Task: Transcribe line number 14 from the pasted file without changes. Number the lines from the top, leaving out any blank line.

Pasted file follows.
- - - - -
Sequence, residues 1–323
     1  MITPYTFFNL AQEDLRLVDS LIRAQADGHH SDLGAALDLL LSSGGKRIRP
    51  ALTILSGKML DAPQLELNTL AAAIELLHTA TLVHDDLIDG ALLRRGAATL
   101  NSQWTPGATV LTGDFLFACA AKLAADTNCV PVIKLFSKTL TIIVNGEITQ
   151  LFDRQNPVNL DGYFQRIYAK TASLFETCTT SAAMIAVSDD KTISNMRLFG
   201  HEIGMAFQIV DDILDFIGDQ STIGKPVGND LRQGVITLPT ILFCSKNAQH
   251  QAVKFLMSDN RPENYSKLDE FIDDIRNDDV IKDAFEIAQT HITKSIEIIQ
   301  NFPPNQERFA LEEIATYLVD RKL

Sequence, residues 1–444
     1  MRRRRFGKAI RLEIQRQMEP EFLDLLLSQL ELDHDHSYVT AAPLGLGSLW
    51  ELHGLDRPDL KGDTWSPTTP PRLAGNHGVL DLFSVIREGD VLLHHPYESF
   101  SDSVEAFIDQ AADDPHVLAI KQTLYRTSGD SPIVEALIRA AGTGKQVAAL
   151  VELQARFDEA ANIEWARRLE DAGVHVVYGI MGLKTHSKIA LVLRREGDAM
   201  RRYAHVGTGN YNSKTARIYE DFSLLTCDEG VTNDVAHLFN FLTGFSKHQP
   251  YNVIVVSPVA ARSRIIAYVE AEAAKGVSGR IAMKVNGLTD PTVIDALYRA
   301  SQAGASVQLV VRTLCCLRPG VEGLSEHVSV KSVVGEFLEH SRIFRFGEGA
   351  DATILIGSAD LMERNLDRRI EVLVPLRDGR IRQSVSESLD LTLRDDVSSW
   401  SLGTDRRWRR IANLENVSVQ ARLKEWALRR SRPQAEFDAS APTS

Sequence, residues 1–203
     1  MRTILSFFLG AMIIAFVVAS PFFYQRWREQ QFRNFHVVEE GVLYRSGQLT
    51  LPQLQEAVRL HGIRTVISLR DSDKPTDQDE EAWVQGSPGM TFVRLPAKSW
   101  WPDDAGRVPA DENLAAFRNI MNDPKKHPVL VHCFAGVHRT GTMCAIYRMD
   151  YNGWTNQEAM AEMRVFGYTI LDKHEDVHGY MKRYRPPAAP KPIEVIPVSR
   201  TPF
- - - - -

   201  RRYAHVGTGN YNSKTARIYE DFSLLTCDEG VTNDVAHLFN FLTGFSKHQP